Background: Vascular risk factors (VRF) in multiple sclerosis (MS) patients have been associated with lower brain volumes. It is currently unknown if this association already exists in early MS and how it develops over time.
Methods: We identified 82 patients with clinically isolated syndrome (CIS) ( n = 61) or with early relapsing-remitting MS ( n = 21) and assessed their VRF including arterial hypertension, hyperlipidaemia, diabetes mellitus and smoking. We analysed T2-lesion load, normalized brain volume (NBV), cortical grey (cGMV) and white matter volumes (WMV), thalamic and basal ganglia volumes at baseline and follow-up magnetic resonance imaging (MRI) and assessed the percentage of brain volume change (PBVC) using SIENA.
Results: Patient mean age was 32.4 (±8.7) years and 54 (65%) were women. Median follow-up period was 42 (29-54) months. In total, 26 patients (31.7%) had one or more VRF (VRF+). At baseline, VRF+ patients had a lower NBV (1530.9 cm3 vs 1591.2 cm3, p = 0.001), a lower cGMV (628.5 cm3 vs 668.6 cm3, p = 0.002) and WMV (752.2 cm3 vs 783.9 cm3, p = 0.009) than VRF-negative patients. Similar results were obtained at follow-up. PBVC was comparable between patients with and without VRF.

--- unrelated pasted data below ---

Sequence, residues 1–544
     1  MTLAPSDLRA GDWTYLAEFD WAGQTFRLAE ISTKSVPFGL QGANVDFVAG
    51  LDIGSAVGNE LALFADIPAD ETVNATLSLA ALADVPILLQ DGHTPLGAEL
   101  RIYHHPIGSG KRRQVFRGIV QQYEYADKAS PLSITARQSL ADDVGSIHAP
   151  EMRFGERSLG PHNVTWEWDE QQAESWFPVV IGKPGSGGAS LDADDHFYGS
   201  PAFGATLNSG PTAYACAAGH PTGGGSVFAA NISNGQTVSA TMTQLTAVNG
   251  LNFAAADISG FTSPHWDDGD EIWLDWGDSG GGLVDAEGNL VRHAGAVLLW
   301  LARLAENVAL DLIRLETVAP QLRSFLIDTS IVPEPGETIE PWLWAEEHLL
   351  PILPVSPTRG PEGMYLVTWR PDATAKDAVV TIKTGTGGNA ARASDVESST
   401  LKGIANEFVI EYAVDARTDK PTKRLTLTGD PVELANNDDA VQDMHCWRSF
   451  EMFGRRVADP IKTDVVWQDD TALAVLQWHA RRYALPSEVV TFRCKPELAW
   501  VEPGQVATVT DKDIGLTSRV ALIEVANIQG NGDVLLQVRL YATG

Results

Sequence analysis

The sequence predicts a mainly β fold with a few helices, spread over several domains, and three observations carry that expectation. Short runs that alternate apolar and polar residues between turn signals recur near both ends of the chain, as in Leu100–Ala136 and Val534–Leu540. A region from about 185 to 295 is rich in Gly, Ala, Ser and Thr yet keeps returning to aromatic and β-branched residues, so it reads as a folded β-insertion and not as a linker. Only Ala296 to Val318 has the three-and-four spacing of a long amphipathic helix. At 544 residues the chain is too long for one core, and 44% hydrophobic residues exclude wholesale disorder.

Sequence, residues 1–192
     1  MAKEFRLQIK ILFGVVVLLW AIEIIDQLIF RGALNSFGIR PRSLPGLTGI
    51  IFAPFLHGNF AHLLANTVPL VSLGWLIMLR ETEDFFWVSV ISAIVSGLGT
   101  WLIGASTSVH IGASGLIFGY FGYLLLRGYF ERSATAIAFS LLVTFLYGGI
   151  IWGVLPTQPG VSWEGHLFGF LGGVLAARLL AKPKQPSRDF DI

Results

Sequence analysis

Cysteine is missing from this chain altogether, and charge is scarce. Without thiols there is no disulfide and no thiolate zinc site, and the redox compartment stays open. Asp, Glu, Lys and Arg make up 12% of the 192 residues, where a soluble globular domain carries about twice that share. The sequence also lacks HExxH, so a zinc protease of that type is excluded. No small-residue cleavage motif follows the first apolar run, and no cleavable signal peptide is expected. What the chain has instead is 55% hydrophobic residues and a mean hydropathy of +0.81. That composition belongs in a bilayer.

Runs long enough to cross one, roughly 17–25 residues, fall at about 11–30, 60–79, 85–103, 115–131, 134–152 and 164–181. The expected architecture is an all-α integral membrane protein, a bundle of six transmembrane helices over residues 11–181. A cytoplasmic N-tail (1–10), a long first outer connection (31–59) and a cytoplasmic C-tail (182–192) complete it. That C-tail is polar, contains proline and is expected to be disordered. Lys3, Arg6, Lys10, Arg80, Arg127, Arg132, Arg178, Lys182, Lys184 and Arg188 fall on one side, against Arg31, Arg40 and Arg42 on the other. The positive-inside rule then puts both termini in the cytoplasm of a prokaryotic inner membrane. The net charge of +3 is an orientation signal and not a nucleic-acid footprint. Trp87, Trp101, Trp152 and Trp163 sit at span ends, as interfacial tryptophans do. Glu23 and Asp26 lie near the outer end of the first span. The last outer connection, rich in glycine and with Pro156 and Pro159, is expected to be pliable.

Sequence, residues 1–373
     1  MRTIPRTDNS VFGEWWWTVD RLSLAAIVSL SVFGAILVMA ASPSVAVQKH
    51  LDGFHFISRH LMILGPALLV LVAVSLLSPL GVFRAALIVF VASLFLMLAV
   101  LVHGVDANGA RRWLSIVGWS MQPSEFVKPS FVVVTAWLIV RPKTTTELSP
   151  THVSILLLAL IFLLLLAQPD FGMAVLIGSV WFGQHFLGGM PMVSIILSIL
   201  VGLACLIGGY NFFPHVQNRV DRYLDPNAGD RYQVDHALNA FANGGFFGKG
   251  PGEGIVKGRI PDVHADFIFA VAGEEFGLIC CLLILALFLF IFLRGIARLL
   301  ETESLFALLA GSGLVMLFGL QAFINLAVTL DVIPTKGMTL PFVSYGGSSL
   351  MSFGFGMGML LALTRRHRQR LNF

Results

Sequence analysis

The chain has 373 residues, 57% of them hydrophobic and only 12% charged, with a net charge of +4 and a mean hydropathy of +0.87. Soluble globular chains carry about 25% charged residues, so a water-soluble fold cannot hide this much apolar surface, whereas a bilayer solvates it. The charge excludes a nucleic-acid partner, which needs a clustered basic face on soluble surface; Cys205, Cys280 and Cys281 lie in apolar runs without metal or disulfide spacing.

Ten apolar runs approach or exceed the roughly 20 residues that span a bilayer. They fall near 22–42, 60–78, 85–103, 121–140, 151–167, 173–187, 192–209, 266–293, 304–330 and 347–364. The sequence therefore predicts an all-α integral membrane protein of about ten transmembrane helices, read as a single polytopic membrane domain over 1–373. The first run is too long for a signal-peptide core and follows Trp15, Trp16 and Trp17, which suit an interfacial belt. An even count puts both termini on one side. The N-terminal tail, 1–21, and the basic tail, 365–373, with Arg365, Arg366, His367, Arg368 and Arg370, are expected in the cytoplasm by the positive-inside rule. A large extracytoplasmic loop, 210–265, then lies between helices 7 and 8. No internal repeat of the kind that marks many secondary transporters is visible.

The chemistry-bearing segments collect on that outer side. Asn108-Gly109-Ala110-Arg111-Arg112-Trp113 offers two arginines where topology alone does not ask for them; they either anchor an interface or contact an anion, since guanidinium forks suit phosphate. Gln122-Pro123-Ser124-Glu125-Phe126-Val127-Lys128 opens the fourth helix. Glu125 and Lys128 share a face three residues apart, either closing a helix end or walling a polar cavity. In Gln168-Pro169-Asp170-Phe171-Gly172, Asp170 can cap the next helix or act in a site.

Conclusion: VRF are associated with lower brain volume already in early MS but do not lead to increased brain volume loss during 3.5 years of follow-up.
Keywords: Vascular risk factors; brain volume; lesion load; multiple sclerosis.